My move to Europe wasn't too much of a culture shock - but there are lots of differences to how and what I cook because many of my tools I left at home and my freezer space went from giant to the size of a shoebox.

    But we learn to adapt and this pesto looks awesome and I would love to try some of that queso de bola.

    ps sorry about the post that was laid to rest...

  • emiglia said...

    It can be so frustrating to start a post, only to end up with it not living up to your expectations, but I hope that your experience in the Phillipines lives up to what you hope for!

    As for the pesto, what a cool mix of old and new, east and west. Looking forward to more recipes and discoveries like it in the future!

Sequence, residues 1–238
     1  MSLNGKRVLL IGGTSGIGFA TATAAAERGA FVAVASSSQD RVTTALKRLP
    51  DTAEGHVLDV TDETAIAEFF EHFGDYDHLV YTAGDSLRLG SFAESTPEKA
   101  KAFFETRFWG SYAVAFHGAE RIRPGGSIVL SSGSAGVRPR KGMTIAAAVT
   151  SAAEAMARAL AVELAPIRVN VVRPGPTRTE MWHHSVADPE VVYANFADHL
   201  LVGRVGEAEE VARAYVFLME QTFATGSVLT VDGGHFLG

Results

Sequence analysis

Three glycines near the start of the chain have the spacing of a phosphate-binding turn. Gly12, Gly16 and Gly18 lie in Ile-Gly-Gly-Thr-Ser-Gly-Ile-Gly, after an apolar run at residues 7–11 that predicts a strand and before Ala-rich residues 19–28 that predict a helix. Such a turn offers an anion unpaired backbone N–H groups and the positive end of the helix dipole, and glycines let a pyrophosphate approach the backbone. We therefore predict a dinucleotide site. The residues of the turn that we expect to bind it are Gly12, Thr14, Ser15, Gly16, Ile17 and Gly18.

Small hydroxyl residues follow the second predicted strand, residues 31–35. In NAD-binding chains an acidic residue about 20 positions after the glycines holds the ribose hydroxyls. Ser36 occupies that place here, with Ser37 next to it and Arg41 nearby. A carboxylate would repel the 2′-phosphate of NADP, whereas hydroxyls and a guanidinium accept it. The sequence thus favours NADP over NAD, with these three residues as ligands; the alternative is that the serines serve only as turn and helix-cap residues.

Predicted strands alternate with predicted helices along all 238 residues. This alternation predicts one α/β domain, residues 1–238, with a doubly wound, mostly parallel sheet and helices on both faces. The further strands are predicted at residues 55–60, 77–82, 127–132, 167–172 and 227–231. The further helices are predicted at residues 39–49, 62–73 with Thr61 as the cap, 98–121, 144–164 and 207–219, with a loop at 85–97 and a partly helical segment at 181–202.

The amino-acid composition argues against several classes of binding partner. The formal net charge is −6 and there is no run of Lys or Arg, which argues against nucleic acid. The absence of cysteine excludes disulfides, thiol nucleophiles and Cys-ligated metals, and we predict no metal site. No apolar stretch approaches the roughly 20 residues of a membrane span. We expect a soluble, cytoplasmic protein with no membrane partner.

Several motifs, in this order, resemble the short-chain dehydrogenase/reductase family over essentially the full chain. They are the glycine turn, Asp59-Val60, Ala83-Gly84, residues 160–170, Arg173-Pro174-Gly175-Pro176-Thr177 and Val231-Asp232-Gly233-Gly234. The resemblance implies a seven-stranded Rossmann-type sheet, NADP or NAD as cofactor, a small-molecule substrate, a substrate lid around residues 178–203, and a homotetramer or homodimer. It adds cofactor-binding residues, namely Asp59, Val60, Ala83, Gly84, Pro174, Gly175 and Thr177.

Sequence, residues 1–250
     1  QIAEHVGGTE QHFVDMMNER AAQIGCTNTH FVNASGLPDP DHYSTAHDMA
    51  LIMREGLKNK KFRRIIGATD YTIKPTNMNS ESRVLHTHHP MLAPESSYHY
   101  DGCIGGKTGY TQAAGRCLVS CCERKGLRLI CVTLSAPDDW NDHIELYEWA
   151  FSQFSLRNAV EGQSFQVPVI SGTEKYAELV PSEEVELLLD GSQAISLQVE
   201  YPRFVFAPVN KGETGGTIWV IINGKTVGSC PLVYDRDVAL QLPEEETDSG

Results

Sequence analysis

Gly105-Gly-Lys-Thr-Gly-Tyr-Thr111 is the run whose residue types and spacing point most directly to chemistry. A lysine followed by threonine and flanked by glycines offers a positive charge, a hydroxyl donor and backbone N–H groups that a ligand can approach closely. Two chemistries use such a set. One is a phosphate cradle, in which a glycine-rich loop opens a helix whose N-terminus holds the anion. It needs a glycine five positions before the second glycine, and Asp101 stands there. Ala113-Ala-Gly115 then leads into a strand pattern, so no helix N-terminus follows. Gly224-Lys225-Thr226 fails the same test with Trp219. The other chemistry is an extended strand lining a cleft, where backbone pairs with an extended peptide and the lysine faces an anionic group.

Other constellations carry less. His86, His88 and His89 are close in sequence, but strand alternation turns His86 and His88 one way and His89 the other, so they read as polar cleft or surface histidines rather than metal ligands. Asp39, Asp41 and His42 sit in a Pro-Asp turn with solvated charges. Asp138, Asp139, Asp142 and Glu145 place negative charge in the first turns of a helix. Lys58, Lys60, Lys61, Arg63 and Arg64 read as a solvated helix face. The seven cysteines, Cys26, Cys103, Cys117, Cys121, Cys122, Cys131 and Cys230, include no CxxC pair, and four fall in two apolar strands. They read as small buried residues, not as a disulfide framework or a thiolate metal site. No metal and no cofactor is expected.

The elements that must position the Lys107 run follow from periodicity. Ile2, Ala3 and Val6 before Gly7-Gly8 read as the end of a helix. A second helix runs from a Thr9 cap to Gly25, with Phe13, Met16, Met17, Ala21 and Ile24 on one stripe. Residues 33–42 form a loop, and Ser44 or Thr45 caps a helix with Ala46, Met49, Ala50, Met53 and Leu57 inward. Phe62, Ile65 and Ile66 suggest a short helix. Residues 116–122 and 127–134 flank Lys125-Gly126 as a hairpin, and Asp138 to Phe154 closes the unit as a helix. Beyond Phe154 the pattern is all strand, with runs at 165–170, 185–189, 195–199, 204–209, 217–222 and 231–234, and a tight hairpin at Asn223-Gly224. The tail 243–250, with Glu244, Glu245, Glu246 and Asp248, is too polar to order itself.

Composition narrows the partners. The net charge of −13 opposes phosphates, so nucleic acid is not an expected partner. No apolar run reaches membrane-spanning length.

• Daily Spud said...

    Three weeks? Oh how I feel your pain! There's one thing I'm supposed to be working on at the moment that refuses to be anything more than a barely blank sheet. No matter how many words I throw at it, they all seem to slide off!

    Still, I'm glad that you managed to draw upon the old drafts of your blog post to enrich this wonderful, final version. I now only wish I had access to some of the Filipino ingredients you mention so that I could taste the flavours of your new home. Methinks, however, that I will have to satisfy myself with an Irish version instead :)

  • Jenni said...

    I would have gladly read the first iteration of this post if you had wanted me to, TN! I must admit, I actually teared up a little at your being torn between familiar and your desire to get to assimilate into your new world. Must be difficult, but I also know you are having the time of your life exploring and getting comfortable in your Rome!